PARSONS > Curriculum: 2013-2014

Curriculum: 2013-2014


Beginning in fall 2013, the Bachelor of Fine Arts degree will be awarded upon completion of 120 credits, as designated by the program. (The 2012–13 curriculum continues to apply for students who entered Parsons in spring 2013 or earlier.)

First Year F S
PUFY 1000 Integrative Studio 1 and PUFY 1010 Integrated Seminar 1

This course pairing brings together writing, reading, and making through projects that draw on creative and critical skills in a liberal arts and studio context. In Integrative Studio, students create projects that involve collaboration, cross-disciplinary activity, research, and prototyping. In Integrative Seminar, they develop essential reading and writing skills that help them connect text and visual elements, a practice central to art and design. Students will be able to select from course options that allow them to explore different topics.

6 -
PUFY 1100 Sustainable Systems*

In this liberal arts course, students explore energy, climate change, and our dependence on nonrenewable materials. Lectures, seminars, fieldwork, and hands-on experiments introduce students to the physics, chemistry, and biology of energy and the way these systems relate to design and everyday experience.

3 -
First-Year Studio: PUFY 1020 Space/Materiality**

In this six-hour studio, students become familiar with the methods and tools used to investigate and manipulate space and materials. In Parsons' modeling facilities, studio classrooms, and shops, they explore form, connections between making and thinking, and properties of space and materials such as weight, texture, color, durability, life cycle, and ecological impact. Students will be able to select from course options that allow them to explore different topics.

3 -
First-Year Studio: PUFY 1030 Drawing/Imaging**

In this six-hour studio, students explore human interaction with the visual world and create two-dimensional works using digital tools such as Adobe Illustrator and Photoshop, drawing, photography, and mixed media. They investigate perception, representation, and culture as they record and then translate observations into visual form, organizing content, analyzing relationships, and communicating ideas. Students will be able to select from course options that allow them to explore different topics.

3 -
First-Year Studio: PUFY 1040 Time**

In this six-hour studio, students focus on evolving concepts of time in art and design and the way those concepts shape human experience and our understanding of the world. They develop and structure narratives and shape user experiences in projects ranging from bookmaking to performance art to audiovisual pieces. Media including Adobe InDesign and video editing software are used. Students will be able to select from course options that allow them to explore different topics.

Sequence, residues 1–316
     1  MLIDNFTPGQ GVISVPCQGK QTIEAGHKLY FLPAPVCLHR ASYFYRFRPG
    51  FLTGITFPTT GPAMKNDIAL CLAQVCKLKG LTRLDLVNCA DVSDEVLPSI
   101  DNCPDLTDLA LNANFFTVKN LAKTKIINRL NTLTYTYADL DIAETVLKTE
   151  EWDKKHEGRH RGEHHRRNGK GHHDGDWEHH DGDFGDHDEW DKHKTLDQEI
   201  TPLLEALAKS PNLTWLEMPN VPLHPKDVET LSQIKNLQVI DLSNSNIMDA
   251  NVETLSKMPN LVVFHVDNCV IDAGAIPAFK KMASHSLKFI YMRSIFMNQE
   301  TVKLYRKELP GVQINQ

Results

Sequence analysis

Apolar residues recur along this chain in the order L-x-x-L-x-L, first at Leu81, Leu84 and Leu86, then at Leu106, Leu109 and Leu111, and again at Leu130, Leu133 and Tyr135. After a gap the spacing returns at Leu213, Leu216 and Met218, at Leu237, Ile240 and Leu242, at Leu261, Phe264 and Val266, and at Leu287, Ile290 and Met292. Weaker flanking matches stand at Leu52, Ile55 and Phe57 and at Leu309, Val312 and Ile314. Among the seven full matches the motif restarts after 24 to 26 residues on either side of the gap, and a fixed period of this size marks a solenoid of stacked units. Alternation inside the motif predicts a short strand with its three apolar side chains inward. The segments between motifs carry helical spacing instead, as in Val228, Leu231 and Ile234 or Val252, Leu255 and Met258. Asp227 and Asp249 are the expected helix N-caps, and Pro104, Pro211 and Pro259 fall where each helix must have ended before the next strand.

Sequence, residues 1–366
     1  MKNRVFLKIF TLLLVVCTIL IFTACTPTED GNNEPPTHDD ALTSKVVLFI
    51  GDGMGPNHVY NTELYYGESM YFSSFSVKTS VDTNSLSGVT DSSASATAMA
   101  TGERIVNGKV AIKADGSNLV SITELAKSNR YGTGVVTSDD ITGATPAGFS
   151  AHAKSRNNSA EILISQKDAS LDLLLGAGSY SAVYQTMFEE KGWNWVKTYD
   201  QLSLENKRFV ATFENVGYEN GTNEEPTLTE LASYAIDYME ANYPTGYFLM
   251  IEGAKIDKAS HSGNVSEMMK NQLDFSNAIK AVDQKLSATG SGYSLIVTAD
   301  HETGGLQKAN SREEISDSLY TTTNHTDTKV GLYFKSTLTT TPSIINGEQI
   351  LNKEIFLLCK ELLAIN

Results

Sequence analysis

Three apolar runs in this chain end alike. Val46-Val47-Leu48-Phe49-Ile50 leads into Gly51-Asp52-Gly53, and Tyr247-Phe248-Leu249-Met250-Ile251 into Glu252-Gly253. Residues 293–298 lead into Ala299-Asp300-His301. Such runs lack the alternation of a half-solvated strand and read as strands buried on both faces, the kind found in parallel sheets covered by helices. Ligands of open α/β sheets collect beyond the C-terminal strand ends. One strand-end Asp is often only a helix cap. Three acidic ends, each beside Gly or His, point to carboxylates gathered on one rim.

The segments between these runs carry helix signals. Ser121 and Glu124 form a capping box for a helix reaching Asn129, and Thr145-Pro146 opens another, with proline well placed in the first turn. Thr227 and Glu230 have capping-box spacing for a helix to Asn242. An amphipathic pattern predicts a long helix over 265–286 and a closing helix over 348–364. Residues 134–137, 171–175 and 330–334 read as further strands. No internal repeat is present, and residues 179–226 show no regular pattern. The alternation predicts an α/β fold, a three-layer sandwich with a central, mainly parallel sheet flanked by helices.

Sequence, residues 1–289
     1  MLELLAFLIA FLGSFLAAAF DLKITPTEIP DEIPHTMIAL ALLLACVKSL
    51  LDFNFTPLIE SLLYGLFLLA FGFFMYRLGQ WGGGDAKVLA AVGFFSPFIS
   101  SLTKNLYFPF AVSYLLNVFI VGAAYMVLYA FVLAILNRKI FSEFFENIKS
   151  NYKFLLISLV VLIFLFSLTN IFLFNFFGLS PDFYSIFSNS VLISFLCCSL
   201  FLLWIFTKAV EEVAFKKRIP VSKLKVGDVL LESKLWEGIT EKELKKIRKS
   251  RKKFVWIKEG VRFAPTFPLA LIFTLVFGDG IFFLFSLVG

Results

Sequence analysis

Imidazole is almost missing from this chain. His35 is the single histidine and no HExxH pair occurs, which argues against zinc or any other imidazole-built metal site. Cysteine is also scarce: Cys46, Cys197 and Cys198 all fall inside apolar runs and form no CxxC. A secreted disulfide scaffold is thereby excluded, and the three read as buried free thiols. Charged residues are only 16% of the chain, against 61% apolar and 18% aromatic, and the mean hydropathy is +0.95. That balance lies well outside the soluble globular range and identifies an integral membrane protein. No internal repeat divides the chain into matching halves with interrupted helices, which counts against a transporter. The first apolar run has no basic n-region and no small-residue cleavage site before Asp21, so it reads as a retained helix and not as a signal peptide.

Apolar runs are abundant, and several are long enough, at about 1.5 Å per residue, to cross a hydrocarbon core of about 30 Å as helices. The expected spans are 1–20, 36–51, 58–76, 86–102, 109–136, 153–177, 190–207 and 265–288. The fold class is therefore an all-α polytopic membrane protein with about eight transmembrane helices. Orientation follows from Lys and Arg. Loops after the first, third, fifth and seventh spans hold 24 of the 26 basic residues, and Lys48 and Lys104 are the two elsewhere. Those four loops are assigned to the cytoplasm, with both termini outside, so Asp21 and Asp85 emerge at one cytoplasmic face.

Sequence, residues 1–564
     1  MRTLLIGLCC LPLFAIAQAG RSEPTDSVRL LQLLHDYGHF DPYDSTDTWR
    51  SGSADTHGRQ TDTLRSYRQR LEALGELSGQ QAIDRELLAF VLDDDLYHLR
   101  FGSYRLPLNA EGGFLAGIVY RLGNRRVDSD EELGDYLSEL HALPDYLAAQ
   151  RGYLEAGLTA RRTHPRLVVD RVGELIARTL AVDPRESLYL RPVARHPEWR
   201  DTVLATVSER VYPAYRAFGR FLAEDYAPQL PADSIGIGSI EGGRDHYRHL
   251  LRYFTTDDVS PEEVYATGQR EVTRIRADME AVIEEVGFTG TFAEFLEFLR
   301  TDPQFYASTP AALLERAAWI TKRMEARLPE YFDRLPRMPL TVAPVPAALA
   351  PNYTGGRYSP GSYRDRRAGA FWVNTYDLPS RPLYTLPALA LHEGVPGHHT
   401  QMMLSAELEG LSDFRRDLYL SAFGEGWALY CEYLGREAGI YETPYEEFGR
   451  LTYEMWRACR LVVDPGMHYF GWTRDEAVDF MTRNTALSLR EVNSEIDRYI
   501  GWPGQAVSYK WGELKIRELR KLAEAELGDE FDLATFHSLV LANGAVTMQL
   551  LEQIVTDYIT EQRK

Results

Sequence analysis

- 3
First-Year Elective
- 3
PLHT 1000 Objects as History: Prehistory to Industrialization*

This lecture-and-discussion seminar traces world history through the social, cultural, technological, and religious functions of objects found in collections throughout New York City. Readings, lectures, and field trips to museums introduce students to objects representing a span of time from prehistory up to the Industrial Revolution. Students conduct research on objects used by a society and report their findings in written form and presentations.

- 3
PUFY 1001 Integrative Studio 2 and PUFY 1011 Integrated Seminar 2

Building on methods introduced in the first semester, this course pairs a reading and writing seminar with a studio exploring the impact of research on art and design practice. Students learn to use design tools employed by professionals in the field and undertake individual and collaborative projects that investigate how cultural values can be transmitted through art and design. Coursework emphasizes research, formal writing, systems thinking, and information navigation skills and introduces distributed learning techniques. Students will be able to select from course options that allow them to explore different topics.

- 6
15 15
Sophomore Year F S
PUID 2010 Interior Design Studio 1